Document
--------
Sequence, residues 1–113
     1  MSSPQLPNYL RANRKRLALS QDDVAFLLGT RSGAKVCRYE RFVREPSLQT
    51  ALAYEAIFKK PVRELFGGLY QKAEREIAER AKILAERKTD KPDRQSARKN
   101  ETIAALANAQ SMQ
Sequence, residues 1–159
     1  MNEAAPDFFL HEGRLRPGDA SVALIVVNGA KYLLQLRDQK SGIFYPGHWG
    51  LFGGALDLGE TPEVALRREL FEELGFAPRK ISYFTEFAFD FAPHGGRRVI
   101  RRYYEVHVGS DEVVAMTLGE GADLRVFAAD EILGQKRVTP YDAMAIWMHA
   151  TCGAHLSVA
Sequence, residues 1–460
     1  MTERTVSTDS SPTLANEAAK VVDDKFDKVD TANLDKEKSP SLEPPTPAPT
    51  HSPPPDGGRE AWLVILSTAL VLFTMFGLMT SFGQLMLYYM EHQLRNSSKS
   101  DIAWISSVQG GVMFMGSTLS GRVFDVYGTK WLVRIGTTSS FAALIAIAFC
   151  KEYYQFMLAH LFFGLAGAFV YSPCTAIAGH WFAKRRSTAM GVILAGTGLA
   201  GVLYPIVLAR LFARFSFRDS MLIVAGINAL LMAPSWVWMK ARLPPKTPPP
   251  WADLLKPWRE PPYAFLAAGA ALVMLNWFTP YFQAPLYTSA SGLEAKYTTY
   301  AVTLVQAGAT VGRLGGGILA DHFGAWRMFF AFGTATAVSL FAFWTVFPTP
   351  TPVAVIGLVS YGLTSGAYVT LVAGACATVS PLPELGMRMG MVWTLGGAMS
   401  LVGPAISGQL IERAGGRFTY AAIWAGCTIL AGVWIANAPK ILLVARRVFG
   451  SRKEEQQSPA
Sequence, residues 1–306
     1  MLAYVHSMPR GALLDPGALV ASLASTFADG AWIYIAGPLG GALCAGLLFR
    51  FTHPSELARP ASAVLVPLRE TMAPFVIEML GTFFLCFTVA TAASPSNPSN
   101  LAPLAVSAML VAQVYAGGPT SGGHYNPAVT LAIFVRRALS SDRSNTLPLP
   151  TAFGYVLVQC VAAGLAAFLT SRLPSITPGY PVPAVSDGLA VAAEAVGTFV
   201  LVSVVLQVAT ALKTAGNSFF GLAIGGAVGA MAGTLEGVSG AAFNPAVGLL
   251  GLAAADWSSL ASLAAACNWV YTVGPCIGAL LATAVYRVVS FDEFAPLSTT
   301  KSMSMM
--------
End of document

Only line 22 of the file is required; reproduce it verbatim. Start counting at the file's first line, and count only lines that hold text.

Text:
     1  MLAYVHSMPR GALLDPGALV ASLASTFADG AWIYIAGPLG GALCAGLLFR